When can you jump?

Generally speaking the weather conditions have to be pretty good – especially when you are a student skydiver going through your AFF course. This means only little cloud – because it’s important you can see the ground beneath you so that you know where you are in the sky – and light winds so that your parachute can be maneuvered easily.

Qualified, more experienced skydivers can jump in marginally windy conditions. You can technically skydive in light rain – but it is unpleasant to do so and also when it’s raining it tends to be cloudy! British summers are normally better than people give them credit for and it’s a great place to learn to skydive.


Flying the canopy

Modern parachutes are highly maneuverable, you can steer and fly them in whatever direction you like. With a bit of practice you will be able to land your parachute with a great deal of accuracy. This allows you to choose a good, flat place to land which is clear of obstacles. At landing time itself you can momentary slow the descent of the parachute using a manoeuvre called a flare to give you an easy, soft stand-up landing. You will be taught how to steer and land your parachute on your AFF course.

First and foremost, modern sport parachutes are extremely reliable and its extremely rare that a parachute “doesn’t open”. Long gone are the days are high-malfuction rates, modern parachutes are incredibly well designed and tested. However, in the rare event of a malfunction all skydivers have a secondary reserve parachute that they can deploy and fly to the ground in exactly the same way as their main parachute. It is mandatory in most countries that all skydivers wear a reserve parachute. In addition to the reserve parachute most skydivers have an Automatic Activation Device installed on their equipment. This automatically deploys the reserve parachute in the event the skydiver is still in freefall at low altitude, i.e. doesn’t deploy their own parachute. Modern skydiving equipment is very advanced.

Once I am a qualified skydiver what next?

There is always something new to learn in skydiving. Amongst many other things your AFF course will teach you to fall “face to earth” in a stable position and perform turns (rotating your body), but you can refine these skills to enable to to fly very close to other skydivers, around them, towards them, over them and under them – with phenomenal control and precision! There are hundreds of freefall disciplines to develop and wide range of canopy skills to learn and refine.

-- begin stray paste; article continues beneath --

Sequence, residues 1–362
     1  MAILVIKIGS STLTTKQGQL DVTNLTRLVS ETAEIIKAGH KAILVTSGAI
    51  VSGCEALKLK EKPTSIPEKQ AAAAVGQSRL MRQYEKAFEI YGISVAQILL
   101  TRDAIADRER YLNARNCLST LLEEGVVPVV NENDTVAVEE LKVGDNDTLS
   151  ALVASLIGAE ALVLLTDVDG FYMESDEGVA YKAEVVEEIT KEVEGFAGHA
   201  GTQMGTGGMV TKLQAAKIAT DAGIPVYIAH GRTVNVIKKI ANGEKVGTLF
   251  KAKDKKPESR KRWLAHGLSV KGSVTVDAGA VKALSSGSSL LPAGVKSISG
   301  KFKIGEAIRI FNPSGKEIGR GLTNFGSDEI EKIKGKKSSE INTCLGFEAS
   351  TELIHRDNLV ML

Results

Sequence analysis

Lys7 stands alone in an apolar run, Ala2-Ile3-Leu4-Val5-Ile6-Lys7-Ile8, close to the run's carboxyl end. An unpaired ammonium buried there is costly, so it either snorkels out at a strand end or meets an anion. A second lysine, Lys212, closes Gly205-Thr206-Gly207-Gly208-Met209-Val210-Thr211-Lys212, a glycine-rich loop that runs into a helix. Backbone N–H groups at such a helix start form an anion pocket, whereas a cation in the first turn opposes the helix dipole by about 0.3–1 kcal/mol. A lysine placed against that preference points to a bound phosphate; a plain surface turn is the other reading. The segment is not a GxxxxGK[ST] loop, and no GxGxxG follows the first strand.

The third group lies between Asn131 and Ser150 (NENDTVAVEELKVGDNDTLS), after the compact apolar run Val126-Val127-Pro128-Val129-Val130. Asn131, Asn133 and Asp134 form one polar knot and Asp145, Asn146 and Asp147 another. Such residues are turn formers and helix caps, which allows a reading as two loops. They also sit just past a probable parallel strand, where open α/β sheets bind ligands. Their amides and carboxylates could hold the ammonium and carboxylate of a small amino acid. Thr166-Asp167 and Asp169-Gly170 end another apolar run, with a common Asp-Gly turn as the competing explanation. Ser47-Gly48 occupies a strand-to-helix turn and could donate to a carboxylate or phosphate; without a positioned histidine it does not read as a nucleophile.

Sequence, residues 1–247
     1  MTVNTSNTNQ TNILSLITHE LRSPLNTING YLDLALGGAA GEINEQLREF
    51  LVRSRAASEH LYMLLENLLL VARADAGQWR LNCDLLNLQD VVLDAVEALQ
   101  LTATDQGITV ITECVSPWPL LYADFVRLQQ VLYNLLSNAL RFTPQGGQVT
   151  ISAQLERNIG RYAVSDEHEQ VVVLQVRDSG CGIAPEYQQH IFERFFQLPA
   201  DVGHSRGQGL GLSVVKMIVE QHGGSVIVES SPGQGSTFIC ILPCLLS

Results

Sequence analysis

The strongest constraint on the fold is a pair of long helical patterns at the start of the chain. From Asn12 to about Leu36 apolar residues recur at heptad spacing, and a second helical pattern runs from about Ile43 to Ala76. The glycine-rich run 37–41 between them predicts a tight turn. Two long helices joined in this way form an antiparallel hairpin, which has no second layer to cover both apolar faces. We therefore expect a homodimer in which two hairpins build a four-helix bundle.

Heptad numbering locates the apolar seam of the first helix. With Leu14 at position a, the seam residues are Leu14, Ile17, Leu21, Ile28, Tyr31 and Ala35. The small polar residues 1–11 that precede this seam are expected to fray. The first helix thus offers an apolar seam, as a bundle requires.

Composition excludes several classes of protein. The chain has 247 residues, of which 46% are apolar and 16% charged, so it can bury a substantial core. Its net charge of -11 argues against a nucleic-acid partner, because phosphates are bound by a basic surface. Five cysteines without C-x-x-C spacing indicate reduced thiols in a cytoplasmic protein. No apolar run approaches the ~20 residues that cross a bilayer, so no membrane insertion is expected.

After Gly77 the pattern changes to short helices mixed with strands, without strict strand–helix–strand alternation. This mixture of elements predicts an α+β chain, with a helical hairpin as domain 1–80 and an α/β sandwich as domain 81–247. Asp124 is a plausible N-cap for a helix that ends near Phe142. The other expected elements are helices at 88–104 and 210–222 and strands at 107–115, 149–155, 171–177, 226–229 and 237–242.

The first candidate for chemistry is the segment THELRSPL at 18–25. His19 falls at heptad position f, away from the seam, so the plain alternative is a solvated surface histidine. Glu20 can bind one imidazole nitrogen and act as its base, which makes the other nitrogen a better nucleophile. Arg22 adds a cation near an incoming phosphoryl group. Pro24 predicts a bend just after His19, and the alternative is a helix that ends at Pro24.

Many skydivers with thousands of skydives will say there’s still lots of new “stuff” for them to learn and this, in part is why skydiving is such an addictive amazing sport.

The best in the sport often choose to compete in their chosen discipline against other at any of the hundreds of events around the world each year. Once you have become a fully fledged licensed skydiver and have gone on to buy your own equipment you can skydive in the UK for around £20 a jump.

Is learning to skydive difficult?

Learning to skydive is extremely rewarding – many people will tell you it’s one of the most rewarding experiences of their entire life. It’s an amazing sport, with amazing people. However, learning can be very emotionally demanding, stressful and for many people even a little bit scary – but for most people it’s not actually “that difficult” in a technical sense.

There are a lot of things you will need to learn and learn well. You will need to be alert and switched on and have common sense, but you certainly don’t need to be a rocket scientist! There are skydivers from every walk of life, from all sorts of different professions and with a wide range of academic ability. Learning to skydive isn’t difficult – but it requires an element of “steel”, alertness and common sense.

It takes a shorter period of time than you might imagine if you are unsure take a look at our student page or send us an email from our contact page


What does freefall feel like?

Most skydivers liken the sensation of freefall to how they imagine flying or floating on a cushion of air. There is no sensation of “falling” as most people imagine and there is no “roller-coaster” sensation!

It feels how you might imagine flying to feel. It is however quite noisy and naturally very windy as the air comes past you at great speed. Freefall is a really magical feeling that most people enjoy immensely and many people find highly addictive. Ever seen Superman flying across the sky in the movies? Well, freefall is probably the closest you are going to get.

Try putting your arm out of a car window and feeling the sensation of your arm being held by the wind, your whole body will feel like that in the air.

The average skydive from 14,000 feet gives you about 65 seconds of freefall!